With everyone concerned about the economy, you'd think that good news on the employment front would trigger a big rally in stocks. But even after the Labor Department said that the economy had added 200,000 jobs in December, pushing the unemployment rate down to 8.5%, stocks initially dropped sharply.

But apparently, bullish investors saw the light later in the morning. After falling as much as 80 points during the session, the Dow Jones Industrials (INDEX: ^DJI) recovered most of those losses by midday, with the average down just 22 points to 12,394 as of 12:15 p.m. ET. The S&P 500 was down less than 1 point at 1,280.

General Electric (NYSE: GE) was one of the Dow's biggest gainers as of noon, with a rise of about 1%. The company, which made the Dogs of the Dow list for 2012 because of its high dividend yield, got a positive analyst recommendation from JPMorgan. The report cited GE's high-margin service business, healthy spending on research and development, and strong presence in growing emerging markets.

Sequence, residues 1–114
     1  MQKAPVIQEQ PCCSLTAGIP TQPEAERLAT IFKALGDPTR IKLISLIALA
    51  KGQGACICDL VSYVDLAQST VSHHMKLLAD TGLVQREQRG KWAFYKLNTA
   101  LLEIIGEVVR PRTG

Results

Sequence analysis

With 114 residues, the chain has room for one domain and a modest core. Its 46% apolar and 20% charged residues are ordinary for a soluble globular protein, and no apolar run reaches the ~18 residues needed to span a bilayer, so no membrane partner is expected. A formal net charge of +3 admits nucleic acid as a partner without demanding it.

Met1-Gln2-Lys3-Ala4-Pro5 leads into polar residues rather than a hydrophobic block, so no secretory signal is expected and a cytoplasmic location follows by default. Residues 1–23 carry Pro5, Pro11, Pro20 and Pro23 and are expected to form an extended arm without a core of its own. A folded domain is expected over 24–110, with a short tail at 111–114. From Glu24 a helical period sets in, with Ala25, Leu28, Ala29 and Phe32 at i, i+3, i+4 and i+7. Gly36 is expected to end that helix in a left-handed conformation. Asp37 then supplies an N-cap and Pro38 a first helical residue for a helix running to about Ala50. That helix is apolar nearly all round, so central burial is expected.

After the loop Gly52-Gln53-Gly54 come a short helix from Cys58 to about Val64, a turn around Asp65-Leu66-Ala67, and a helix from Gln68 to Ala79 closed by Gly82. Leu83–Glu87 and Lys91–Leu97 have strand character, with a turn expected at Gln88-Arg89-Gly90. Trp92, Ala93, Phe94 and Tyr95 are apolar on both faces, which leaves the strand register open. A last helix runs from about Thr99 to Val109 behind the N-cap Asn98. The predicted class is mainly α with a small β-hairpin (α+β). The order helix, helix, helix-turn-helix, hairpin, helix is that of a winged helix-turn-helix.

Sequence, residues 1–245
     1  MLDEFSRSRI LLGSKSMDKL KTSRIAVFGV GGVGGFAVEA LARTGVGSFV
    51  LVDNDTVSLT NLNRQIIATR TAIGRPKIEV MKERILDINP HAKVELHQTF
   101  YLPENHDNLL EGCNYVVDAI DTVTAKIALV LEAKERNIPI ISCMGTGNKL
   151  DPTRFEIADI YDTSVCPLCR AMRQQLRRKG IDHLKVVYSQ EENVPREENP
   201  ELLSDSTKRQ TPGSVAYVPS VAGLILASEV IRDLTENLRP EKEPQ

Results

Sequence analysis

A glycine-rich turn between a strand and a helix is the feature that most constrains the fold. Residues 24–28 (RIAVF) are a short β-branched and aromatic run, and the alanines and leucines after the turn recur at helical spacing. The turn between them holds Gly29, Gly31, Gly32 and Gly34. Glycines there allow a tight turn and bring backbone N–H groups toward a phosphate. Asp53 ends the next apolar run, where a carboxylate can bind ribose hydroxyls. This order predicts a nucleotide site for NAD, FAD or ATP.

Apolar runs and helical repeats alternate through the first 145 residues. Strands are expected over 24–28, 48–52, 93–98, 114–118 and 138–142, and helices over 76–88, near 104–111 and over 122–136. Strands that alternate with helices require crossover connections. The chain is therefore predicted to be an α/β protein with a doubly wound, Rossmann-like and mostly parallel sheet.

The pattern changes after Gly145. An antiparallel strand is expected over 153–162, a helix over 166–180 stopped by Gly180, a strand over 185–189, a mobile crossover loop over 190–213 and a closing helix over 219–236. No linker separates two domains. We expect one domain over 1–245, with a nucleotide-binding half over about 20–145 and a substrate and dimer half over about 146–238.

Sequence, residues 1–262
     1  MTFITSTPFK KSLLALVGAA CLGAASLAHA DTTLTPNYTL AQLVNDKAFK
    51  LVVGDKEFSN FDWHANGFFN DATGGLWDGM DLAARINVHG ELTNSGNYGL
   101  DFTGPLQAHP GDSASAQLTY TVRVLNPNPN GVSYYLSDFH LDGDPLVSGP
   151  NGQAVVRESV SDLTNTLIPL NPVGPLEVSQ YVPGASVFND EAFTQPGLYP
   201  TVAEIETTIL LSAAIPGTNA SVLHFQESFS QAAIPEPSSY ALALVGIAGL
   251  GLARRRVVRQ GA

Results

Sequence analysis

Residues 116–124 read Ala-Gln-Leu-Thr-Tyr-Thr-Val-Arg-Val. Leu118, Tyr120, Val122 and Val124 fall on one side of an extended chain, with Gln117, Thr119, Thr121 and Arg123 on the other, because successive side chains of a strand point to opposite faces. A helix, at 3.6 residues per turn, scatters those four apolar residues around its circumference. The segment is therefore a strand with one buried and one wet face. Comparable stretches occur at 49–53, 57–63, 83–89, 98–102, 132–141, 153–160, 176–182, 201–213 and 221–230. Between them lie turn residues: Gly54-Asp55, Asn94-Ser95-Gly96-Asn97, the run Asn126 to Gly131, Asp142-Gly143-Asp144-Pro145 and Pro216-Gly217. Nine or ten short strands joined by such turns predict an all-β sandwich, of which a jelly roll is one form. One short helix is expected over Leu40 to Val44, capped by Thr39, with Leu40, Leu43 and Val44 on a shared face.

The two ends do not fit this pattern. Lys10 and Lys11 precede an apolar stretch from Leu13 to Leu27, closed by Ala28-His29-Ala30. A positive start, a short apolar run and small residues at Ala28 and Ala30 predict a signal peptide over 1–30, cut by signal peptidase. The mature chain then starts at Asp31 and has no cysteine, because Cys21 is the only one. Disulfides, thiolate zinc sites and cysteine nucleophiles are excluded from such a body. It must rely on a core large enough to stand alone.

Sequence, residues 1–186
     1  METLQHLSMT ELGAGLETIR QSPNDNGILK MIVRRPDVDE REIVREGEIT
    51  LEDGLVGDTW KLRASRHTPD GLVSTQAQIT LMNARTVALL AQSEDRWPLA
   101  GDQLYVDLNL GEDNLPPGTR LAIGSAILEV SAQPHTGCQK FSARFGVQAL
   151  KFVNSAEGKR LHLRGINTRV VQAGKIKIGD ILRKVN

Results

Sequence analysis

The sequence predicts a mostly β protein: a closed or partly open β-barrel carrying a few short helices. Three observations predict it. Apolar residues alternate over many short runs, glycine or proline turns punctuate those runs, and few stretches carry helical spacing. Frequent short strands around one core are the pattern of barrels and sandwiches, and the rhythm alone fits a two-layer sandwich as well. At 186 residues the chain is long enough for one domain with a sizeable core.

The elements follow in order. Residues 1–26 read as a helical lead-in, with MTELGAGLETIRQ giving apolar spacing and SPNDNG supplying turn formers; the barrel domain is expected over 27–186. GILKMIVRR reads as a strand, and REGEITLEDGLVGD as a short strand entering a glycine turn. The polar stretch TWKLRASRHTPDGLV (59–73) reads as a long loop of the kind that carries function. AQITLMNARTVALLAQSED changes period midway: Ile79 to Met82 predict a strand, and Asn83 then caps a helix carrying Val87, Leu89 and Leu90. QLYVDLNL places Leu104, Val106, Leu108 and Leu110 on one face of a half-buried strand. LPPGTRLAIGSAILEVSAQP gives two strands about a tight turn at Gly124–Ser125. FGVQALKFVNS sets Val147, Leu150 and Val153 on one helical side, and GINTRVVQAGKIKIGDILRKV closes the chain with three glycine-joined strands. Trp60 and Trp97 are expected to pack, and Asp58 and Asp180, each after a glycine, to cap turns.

The biggest loser in the Dow was Alcoa (NYSE: AA), down about 2%. The company announced it would cut smelting capacity by about 12% by closing some of its facilities. But even though aluminum prices are down by more than a quarter from their highest levels last year, analysts don't expect the move to make a big impact on oversupply in the market.

Among sectors, tech stocks were mixed. Intel (Nasdaq: INTC) fell about half a percent after getting downgraded by Sterne Agee. The analyst cited competition from ARM Holdings, whose rival chips are expected to appear on PCs running an ARM-compatible version of Microsoft's (Nasdaq: MSFT) Windows 8 operating system. For its part, Microsoft seemed to benefit from the news. It was among the top gainers in the Dow, gaining more than 1%.

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Fool contributor Dan Caplinger doesn't own shares of the companies mentioned. You can follow him on Twitter here. The Motley Fool owns shares of Intel, JPMorgan Chase, and Microsoft, and has bought calls on Intel. Motley Fool newsletter services have recommended buying shares of and creating bull call spread positions on Intel and Microsoft. Try any of our Foolish newsletter services free for 30 days. We Fools may not all hold the same opinions, but we all believe that considering a diverse range of insights makes us better investors. The Fool has a disclosure policy.